Sunday we awoke, ate breakfast and headed out later than planned (around 9am).  We quickly hit a turn in the trail that begins to circumnavigate some private farm land on the valley floor.  Although it was supposed to be marked with blue blazes, it was almost vertical and the blazes disappeared quickly.  At one point we missed a turn and found ourselves lost for about 15 minutes.  We were less than 50 yards away from the trail, but the terrain was so rugged it took us a while just to get back on trail.  With course corrected we headed around the Gorge and back towards the Linville River.  This loop trail "fords" the river (which was actually one of the things that drew us to this hike.)  Conditions were safe enough and we took turns crossing.  NOTE: always unbuckle your pack and try to use a walking stick when crossing a river.  This river was slightly higher than knee deep at the deepest point and the current was gentle.  After taking a break to dry off and snack we began the climb back out of the gorge, via the Mountains to Sea Trail.  We gradually made our way back to the car at Wolf Pitt Road and headed. home.






If you are interested in a shorter trip, I recommend parking at the Table Rock parking area and camping nearby.  There are many great day hikes available from that area, but I suggest climbing the back side of Table Rock (via trails), and hiking out to the Chimneys, Rock Peak, or even Shortoff Mountain.

5 comments:

Tim O'Keefe said...

Hey Tighty,

I almost forgot to check your blog out because it has been a while. I have had that picture from the snow day on my blog roll for months. I will have to read your post later - but I love the pictures. You are an adventurer.

They are doing a sermon series about Love Wins at ELCC. Maybe you should check it out.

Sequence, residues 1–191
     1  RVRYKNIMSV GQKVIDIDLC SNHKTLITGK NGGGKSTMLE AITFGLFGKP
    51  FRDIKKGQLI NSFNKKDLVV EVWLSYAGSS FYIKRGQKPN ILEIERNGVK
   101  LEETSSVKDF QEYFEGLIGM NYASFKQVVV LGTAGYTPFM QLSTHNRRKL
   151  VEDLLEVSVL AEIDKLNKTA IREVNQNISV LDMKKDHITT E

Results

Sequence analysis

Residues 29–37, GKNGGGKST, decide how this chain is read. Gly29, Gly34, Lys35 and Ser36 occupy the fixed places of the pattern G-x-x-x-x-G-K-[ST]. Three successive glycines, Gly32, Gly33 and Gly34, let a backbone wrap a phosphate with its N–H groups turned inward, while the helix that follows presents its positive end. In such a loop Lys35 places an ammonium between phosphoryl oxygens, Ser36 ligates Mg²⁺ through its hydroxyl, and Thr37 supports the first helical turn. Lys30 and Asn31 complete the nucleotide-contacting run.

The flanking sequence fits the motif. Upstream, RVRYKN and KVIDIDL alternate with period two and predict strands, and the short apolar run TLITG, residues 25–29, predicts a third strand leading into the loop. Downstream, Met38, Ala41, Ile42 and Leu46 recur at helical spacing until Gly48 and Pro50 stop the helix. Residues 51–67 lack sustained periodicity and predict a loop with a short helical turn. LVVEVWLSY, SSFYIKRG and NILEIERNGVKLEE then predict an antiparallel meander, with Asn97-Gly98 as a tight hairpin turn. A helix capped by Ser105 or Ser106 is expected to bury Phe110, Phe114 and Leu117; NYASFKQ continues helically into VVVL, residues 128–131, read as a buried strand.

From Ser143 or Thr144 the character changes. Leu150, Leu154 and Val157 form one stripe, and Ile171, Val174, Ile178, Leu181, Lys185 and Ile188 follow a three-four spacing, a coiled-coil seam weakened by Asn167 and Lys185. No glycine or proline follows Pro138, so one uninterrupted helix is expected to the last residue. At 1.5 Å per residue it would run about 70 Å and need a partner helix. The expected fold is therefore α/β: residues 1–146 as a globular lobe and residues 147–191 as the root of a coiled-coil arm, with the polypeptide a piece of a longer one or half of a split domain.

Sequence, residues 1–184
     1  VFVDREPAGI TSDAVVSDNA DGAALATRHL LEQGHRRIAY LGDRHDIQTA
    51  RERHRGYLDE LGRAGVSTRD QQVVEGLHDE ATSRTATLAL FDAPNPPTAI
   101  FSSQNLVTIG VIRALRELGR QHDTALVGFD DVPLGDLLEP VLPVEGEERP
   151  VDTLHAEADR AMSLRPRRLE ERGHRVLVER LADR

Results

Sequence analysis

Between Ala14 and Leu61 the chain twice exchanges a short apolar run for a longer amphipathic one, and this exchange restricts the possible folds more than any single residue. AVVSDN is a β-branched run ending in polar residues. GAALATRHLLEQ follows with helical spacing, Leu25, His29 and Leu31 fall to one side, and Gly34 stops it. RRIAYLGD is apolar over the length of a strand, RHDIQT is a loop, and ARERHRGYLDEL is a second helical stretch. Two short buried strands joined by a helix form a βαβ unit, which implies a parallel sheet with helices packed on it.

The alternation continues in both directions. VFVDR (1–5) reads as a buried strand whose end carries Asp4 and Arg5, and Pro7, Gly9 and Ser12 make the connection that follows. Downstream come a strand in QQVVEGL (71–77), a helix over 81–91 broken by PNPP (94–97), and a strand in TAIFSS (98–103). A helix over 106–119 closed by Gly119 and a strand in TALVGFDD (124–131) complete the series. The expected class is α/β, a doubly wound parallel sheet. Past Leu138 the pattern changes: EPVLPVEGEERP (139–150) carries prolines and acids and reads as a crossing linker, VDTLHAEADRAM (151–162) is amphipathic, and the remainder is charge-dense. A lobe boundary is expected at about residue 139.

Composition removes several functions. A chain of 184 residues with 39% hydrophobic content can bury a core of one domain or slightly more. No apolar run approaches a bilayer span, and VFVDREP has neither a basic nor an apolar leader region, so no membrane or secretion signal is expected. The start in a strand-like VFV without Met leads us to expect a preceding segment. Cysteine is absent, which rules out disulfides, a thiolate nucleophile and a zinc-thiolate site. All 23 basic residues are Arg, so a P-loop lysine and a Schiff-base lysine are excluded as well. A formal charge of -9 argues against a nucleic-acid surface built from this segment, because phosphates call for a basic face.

I'm glad that you are back on the blogging horse again. - Peace

The Nicholsons said...

I knew you were going on a hike, but DANG! Awesome. And that first picture - stunning.

Anonymous said...

Hey glad you guys found the river Ford. My friend and I missed it and crossed we think my much farther up and ended up climbing (hand holds, foot holds and no climbing gear) up 900 ft to meet the MTS. This was a little hairy but luckily it rained 2 out the 3 days we were there so we were already miserable Haha.

Anonymous said...

That almost vertical 'blue-blazed' trail is called Leadmine. It could have been made a lot more gentle but it is an illegal trail and not listed on official US Forest Service maps. People rightly fear a stiff fine if they are caught extending it. BUT It is Not illegal to hike or map or photograph. The north end of Leadmine will eventually become an erosion ditch and it would be best if the USFS would recognize it, improve it and extend it to become a smooth trail for backpacking. It is the roughest segment of the ITAYG loop. Your hike also could be more gentle if you use the Faulkner Flats trail ( also unofficial) from the east bank of the river directly up to Wolfpit road.

Wes Kanoy said...

Awesome place that you or your friend hung the hammock from. Under the rock, and hanging from rock, nice. I love the gorge.

-Wes Kanoy